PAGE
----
Being a good digital citizen within the online community includes anything from learning email etiquette to how to prevent and report cyber-bullying. Digital citizenship also includes learning about safety concerns like how to protect private information and how to stay safe while communicating online.
Why is digital citizenship important?
Digital communities are becoming more prolific, making good citizenship important for safety and order.
Personal and financial information can be easily accessed by others online.
Cyber-bullying has severe consequences and can be the result of irresponsible digital citizens.
Online predators are a real threat to unassuming or naïve students.
Teaching digital citizenship contributes to a holistic approach to teaching students to be part of a community – on and offline.
The nine elements of digital citizenship*
1, Digital Access: As rapidly as internet access and technology have grown, socio-economic status and geographical location still play a part in keeping some from having digital access. It is important to remember that some still face these challenges and to help take steps to ensure that digital technologies continue to become more accessible.
2, Digital Commerce. Everything from groceries and toys to cars and electronics are available for purchase online. Consumers, including students, need to be informed and aware of the risks associated with online purchasing. Secure payments and sites that protect buyer information are important principles to teach.
3, Digital Communication. With email, text-messaging, video chat and more, communication is easier than ever before. With the push of a button or the click of a mouse, sensitive information can be shared unsafely. Warning students about what is appropriate to share through digital channels can prevent embarrassing, costly and dangerous situations.
4, Digital Literacy. Being an informed citizen is a large part of being a responsible citizen, not to mention that the more digitally literate students are, the better prepared they will be for the workplace or higher education. How to conduct online research, determine reliable sources, and use word processing software are all important skills.
5, Digital Etiquette. Just like it is imperative that students learn how to appropriately conduct themselves in the classroom, on the playground, and throughout the school, they need to learn how to be appropriate while online. More than just establishing policies about what is acceptable behaviour, students should be taught the importance of being respectful to their online peers and how to conduct themselves responsibly.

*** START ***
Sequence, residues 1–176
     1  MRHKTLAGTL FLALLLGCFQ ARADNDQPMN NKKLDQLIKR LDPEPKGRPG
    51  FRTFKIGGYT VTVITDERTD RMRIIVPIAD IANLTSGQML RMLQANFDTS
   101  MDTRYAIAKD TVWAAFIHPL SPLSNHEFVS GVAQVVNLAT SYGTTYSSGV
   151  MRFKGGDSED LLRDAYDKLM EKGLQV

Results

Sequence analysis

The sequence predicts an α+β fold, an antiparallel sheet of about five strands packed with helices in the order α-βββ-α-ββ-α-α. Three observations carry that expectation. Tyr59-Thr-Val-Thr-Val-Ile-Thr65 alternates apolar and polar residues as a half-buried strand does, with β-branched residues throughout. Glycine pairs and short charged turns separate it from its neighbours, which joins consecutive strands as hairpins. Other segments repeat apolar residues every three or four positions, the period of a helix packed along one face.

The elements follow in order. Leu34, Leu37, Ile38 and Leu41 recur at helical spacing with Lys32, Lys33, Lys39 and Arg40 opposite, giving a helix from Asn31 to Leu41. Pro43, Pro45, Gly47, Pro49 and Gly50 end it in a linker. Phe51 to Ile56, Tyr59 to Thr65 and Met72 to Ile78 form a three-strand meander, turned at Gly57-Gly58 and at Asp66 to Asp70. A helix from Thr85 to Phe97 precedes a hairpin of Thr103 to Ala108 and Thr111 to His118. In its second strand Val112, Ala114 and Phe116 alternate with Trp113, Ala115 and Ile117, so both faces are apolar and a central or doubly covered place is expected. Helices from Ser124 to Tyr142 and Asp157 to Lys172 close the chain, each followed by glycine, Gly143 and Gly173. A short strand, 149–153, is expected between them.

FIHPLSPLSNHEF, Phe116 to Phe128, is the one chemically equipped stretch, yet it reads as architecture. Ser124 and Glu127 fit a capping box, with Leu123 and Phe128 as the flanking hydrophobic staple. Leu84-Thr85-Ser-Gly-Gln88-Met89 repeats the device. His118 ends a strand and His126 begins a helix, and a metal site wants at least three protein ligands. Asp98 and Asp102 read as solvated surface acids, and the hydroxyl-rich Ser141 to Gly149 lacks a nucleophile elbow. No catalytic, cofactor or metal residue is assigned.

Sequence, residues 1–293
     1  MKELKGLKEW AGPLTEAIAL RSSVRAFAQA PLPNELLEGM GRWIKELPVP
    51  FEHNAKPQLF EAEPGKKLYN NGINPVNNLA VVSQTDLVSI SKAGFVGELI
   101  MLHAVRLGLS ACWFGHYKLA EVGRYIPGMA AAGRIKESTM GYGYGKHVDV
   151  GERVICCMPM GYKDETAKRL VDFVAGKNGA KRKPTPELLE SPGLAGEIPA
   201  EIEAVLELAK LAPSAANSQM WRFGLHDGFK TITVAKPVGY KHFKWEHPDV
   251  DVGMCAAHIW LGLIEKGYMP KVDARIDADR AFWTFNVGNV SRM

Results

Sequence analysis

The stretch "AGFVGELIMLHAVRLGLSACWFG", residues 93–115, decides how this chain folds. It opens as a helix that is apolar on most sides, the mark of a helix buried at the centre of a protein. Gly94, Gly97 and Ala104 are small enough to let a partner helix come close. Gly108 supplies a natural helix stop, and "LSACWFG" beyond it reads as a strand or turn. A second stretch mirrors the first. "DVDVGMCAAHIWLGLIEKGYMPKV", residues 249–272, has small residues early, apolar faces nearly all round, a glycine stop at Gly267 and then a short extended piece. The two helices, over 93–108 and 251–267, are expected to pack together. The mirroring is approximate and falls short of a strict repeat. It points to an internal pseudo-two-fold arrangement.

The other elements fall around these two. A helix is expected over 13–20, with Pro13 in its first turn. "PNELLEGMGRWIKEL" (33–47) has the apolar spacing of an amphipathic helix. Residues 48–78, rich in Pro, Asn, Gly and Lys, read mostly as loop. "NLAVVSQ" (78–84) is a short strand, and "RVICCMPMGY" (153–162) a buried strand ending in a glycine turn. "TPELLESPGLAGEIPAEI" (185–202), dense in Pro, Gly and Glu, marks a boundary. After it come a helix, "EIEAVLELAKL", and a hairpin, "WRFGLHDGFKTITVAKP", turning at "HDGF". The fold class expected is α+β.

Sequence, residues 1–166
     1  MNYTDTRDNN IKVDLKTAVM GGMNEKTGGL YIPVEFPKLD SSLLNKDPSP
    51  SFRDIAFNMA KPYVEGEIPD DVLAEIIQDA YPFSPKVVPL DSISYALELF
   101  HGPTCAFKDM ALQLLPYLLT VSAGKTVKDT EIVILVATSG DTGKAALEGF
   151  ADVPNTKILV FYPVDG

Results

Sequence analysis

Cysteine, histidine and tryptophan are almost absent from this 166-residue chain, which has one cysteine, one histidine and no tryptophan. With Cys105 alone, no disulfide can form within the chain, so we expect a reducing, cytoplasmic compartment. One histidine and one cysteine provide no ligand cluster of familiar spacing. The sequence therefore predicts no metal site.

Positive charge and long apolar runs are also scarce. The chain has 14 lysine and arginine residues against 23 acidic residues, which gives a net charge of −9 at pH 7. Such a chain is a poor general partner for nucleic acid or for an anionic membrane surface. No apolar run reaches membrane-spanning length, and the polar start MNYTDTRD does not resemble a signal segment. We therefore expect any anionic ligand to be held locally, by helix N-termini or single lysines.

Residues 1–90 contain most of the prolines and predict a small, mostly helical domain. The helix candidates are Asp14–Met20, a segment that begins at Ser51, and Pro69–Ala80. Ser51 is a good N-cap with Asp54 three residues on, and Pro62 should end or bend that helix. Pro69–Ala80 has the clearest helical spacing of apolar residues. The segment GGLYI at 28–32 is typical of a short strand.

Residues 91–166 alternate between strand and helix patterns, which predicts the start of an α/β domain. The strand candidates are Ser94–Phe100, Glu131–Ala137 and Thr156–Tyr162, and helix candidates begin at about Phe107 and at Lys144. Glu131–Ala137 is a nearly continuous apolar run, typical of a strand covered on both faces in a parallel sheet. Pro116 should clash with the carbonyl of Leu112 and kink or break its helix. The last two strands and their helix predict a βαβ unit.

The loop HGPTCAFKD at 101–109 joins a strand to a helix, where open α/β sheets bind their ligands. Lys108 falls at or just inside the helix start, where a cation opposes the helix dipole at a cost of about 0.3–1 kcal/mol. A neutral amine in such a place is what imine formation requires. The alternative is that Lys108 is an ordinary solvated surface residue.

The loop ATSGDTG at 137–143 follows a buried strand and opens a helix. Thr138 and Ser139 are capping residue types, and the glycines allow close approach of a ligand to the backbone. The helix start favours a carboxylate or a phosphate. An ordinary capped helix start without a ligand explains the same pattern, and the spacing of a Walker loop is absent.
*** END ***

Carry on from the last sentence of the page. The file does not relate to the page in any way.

6, Digital Law. With new developments come new laws and restrictions. As technology has advanced, legislation has raced to keep up, resulting in ever-evolving rules and regulations. Teachers and students need to be informed and up-to-date about what is legal and acceptable.
7, Digital Rights and Responsibilities. Just as the citizens of many countries are afforded basic rights, those who participate in online activity are also given freedoms in their digital environment. Privacy rights and freedom of speech are often discussed and viewed as paramount.
8, Digital Health and Wellness. Out of the world’s estimated seven billion people, six billion have access to mobile phones (Source: TIME Newsfeed). Statistics like this make it clear that many of us spend hours a day looking at screens, typing on keyboards and talking on mobile phones. Safe ergonomic practices and eye safety are physical concerns that should be addressed.
9, Digital Security. We teach children to look before they cross the street, not to talk to strangers, and who to call in an emergency. Similar precautions are necessary within the digital community, including how to set robust passwords, virus protection, and how to determine site security.
Some educators might refer to digital citizenship as digital ethics or digital wellness, but regardless of the terminology they are all the same. What is clear is that with the growth of bring your own device (BYOD) schemes and 1:1 initiatives in schools, there is a need to talk about responsible use of technology.
It is very important that educators constantly inform and practise with students the importance of digital citizenship within and outside school. By doing this, students will be fully aware of and will understand the basic ideas – and importance – of digital citizenship.
References* For more on the nine elements of digital citizenship, see the work of Mike Ribble and Gerald Bailey via http://digitalcitizenship.net/Nine_Elements.html
Earnie Kramer is a director with Lightspeed Systems.